If a website operator embeds a social plugin, such as the Facebook “Like” button, this triggers the collection and transmission of the visitors’ personal data to the plugin provider. The processed data include the IP address and the page content accessed by the visitors and are transmitted automatically by the browser even if the visitor does not have a social media account and regardless of whether the visitor clicks on the button.
This caused a legal dispute in Germany after the Verbraucherzentrale NRW, a public-service association tasked with safeguarding the interests of consumers, brought legal proceedings against the online retailer FashionID that used such social plugins, collecting and transmitting personal data to Facebook Ireland without informing its visitors or requesting their consent. Following a decision of the Regional Court Düsseldorf that ruled against FashionID, the Higher Regional Court Düsseldorf referred the case to the Court of Justice of the European Union (CJEU) requesting interpretation of several provisions of the former Data Protection Directive of 1995.
Although the Directive was repealed by the General Data Protection Regulation (GDPR) last year, the recent judgement of the CJEU can lead to a better understanding of the current European data protection law.
Admissibility of the Action
The Court held that consumer protection associations are granted the right to bring legal proceedings against a party that is allegedly responsible for the infringement of the protection of personal data under both the former Directive and the new General Data Protection Regulation.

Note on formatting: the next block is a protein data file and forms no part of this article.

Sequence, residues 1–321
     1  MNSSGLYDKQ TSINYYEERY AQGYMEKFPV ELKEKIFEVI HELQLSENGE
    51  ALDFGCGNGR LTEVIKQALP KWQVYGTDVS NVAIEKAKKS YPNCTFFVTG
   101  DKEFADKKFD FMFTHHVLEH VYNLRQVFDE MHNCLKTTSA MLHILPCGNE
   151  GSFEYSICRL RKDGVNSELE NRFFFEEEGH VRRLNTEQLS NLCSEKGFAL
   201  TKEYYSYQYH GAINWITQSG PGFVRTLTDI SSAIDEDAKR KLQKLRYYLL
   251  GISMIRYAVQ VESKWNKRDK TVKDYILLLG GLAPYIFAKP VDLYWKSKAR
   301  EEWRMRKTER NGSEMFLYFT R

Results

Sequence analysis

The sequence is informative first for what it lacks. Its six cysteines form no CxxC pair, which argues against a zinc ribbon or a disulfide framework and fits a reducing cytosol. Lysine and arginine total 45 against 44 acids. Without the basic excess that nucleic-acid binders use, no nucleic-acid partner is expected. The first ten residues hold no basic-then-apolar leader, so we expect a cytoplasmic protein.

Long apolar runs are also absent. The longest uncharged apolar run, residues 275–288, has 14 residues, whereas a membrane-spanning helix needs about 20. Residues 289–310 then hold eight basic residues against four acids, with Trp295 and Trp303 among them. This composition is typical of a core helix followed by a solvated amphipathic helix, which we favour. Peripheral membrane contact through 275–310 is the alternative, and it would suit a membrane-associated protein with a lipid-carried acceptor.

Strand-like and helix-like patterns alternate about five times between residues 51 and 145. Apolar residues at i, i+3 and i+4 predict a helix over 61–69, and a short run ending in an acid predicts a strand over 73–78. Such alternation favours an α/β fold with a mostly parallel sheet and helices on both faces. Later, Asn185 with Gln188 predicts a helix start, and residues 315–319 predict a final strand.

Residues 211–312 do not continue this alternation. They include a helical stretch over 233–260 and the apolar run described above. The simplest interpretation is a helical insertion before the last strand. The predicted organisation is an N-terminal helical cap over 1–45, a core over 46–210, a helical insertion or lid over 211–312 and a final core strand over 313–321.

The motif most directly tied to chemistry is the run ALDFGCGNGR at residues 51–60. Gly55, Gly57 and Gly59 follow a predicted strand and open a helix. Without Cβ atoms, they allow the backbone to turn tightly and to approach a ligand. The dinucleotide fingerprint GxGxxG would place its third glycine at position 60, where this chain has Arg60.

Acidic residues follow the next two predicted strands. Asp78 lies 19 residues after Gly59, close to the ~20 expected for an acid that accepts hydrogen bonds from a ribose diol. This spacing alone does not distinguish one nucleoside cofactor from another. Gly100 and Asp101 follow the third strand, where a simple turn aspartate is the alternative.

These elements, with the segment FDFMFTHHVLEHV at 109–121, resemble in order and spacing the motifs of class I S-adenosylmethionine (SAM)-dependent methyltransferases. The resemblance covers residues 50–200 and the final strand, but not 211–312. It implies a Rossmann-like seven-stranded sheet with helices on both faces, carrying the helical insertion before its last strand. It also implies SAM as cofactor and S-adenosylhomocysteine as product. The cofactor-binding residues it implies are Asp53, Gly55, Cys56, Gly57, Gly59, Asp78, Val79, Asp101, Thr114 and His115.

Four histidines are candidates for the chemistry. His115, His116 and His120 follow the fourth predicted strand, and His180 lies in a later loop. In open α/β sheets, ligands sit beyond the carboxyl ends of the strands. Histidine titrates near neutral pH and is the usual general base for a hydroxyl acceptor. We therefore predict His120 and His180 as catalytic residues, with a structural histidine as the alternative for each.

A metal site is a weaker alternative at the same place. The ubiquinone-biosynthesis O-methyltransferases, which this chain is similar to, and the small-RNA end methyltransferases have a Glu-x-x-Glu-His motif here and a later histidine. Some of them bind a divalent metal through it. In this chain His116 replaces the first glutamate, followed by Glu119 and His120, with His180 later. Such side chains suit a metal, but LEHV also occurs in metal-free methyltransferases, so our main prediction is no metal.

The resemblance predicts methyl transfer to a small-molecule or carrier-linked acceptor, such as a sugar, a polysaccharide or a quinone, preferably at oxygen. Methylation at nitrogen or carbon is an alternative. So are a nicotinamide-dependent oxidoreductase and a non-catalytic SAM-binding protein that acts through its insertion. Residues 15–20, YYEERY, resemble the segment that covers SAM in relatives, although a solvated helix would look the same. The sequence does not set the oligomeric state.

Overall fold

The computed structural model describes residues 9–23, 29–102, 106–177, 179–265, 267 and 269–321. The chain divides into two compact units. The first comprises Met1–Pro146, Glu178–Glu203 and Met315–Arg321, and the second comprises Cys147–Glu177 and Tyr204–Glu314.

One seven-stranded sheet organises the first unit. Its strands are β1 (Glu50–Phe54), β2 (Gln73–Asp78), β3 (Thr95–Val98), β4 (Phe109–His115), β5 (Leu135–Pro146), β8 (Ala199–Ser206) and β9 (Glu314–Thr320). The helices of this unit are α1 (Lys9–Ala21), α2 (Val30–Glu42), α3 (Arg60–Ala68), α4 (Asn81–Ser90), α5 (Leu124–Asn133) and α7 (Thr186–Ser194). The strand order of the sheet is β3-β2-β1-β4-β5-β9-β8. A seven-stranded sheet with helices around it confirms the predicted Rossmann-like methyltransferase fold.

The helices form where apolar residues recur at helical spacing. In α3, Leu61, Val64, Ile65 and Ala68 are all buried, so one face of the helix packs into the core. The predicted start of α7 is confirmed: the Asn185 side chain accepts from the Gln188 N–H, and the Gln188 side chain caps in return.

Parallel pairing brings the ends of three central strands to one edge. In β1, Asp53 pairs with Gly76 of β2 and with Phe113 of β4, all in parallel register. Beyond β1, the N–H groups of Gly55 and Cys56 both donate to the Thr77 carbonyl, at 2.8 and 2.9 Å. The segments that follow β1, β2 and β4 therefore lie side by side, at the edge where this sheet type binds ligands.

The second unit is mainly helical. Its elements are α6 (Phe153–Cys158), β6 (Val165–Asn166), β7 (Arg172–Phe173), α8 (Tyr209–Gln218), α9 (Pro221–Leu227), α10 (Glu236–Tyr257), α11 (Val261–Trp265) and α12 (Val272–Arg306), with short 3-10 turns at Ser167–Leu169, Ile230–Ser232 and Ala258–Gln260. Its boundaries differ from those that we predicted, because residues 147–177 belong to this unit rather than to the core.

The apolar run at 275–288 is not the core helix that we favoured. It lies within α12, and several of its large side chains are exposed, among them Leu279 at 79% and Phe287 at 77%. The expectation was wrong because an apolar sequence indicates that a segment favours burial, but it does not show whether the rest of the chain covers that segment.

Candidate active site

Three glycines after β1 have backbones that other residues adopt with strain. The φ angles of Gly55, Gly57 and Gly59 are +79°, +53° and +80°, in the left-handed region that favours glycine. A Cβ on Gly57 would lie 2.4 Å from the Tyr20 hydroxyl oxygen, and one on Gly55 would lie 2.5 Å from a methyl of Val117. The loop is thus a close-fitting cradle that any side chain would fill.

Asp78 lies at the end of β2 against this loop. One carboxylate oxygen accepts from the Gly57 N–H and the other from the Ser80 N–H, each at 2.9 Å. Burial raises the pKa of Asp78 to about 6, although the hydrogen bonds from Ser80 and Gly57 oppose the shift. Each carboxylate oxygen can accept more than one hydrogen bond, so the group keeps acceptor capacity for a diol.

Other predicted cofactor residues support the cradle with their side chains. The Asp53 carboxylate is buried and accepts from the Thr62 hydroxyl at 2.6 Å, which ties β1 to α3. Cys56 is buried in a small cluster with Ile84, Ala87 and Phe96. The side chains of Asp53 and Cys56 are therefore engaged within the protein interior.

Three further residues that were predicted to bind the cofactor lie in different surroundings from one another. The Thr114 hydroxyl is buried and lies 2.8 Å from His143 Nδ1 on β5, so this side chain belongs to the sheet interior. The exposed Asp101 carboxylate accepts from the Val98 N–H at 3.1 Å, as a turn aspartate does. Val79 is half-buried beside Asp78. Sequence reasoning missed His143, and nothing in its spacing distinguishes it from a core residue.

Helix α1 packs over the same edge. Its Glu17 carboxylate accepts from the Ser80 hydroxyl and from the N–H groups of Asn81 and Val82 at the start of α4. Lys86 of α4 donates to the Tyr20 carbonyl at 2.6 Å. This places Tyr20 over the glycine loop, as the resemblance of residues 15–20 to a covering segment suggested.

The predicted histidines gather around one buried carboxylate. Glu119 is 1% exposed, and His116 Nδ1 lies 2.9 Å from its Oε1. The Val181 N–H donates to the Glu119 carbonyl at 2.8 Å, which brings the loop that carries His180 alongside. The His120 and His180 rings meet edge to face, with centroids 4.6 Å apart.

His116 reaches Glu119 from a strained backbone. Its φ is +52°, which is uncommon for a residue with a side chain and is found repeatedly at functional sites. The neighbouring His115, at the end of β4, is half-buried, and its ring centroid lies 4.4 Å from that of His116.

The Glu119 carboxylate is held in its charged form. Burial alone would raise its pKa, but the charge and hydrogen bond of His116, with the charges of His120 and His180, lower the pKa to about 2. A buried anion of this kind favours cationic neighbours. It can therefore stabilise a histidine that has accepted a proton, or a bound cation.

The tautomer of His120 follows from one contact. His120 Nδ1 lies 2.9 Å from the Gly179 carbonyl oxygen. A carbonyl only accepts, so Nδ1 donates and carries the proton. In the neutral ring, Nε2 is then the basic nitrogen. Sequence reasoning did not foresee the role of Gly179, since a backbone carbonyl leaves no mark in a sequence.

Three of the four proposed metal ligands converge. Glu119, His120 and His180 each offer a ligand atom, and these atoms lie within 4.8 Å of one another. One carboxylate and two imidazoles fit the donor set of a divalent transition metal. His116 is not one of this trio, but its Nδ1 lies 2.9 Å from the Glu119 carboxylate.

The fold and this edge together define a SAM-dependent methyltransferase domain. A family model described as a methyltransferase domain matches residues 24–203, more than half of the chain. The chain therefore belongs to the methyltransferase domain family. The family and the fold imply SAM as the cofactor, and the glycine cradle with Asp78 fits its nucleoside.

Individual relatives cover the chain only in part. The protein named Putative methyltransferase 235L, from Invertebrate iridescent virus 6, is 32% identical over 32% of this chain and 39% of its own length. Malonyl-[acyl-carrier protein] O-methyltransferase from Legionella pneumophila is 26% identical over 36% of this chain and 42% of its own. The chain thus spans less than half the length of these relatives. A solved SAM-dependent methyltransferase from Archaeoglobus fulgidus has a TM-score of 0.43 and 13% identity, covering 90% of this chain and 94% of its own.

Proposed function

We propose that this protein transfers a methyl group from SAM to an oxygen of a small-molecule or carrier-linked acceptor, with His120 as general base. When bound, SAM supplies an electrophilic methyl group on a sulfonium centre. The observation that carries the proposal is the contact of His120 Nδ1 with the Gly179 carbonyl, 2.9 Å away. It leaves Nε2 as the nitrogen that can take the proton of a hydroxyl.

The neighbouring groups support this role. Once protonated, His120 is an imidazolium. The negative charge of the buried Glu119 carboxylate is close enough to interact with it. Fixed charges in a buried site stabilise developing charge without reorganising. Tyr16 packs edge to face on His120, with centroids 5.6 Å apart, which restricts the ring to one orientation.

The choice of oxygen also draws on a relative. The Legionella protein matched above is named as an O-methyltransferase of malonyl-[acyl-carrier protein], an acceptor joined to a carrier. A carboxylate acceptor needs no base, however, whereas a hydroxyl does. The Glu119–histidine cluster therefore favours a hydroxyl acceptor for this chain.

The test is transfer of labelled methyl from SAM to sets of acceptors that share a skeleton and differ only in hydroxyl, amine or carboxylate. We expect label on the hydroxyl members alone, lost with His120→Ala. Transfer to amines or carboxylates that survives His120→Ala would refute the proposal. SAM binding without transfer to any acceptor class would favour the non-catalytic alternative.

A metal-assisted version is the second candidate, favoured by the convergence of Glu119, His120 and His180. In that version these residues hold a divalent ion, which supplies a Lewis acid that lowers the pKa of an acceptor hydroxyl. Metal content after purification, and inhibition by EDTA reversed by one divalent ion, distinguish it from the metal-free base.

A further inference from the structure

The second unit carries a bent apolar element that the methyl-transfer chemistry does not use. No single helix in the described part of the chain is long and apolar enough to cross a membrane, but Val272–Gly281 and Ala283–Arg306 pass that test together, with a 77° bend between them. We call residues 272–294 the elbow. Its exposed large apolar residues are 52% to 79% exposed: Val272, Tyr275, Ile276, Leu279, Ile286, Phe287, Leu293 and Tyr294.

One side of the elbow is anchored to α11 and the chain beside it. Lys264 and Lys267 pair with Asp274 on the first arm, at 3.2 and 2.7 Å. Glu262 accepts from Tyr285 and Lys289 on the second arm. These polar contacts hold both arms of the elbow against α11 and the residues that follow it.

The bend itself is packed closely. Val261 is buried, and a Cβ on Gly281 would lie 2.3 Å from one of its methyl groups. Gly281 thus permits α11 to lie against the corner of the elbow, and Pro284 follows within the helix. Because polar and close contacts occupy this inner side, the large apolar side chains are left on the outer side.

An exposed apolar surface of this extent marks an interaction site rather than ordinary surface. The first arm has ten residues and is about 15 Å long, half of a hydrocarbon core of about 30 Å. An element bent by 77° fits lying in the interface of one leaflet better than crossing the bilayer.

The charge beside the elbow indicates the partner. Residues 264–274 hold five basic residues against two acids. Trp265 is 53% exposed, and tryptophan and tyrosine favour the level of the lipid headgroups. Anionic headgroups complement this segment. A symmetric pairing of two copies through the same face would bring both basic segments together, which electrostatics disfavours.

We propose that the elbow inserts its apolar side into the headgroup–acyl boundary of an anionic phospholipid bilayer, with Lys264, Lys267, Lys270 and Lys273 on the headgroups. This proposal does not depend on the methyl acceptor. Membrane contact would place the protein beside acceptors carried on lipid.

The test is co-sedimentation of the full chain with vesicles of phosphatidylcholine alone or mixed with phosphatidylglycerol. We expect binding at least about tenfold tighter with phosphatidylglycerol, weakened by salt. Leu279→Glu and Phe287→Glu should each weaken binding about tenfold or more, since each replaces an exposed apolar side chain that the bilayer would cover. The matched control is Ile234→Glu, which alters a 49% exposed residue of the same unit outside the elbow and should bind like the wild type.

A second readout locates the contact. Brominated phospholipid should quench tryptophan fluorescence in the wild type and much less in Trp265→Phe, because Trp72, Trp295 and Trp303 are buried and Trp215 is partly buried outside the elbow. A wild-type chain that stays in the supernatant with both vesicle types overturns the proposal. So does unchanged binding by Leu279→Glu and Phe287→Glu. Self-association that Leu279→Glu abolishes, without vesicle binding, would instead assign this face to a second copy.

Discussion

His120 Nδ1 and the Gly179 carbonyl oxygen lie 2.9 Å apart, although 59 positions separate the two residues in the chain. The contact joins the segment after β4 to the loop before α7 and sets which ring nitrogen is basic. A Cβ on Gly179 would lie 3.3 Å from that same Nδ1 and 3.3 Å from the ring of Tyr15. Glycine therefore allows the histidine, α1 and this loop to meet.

Processing of Data
The Court found that FashionID shall be considered a joint controller together with Facebook Ireland regarding the processes it has influence on, namely the collection and transmission of personal data on its website. However, FashionID is not liable for the data processing carried out by Facebook after the data has been transmitted.
Therefore, the website operators must thoroughly inform their visitors about the data processing operations. Furthermore, a legal basis is necessary to lawfully process the personal data of the website visitors. The Court provides interpretation of two of the legal grounds enlisted in Article 6 GDPR.
The website operator must obtain the consent of the visitors regarding the operations in which it acts as a joint controller, namely the collection and transmission that occurs through the website plugins.
When it comes to the pursuit of a legitimate interest, it can be a legal basis only if the processing is necessary for the legitimate interests of both joint controllers.
A social plugin brings a lot of advantages for a website such as bigger outreach of its content, optimisation of its visibility on social media, keeping track on the popularity of the goods offered. In order to still use it and avoid liability, a website operator should inform the website visitors on all points enlisted in Article 13 GDPR such as the ways it processes data, the purposes of processing and legal grounds and the recipients of the data. In most cases these would be Facebook and Google as the most popular social plugin providers.
Case C-40/17, CJEU, Second Chamber, 29 July 2019, available at: http://curia.europa.eu/juris/document/document.jsf;jsessionid=C928F3FB3CCCF093027557F27F1CCD39?text=&docid=216555&pageIndex=0&doclang=EN&mode=lst&dir=&occ=first&part=1&cid=8508664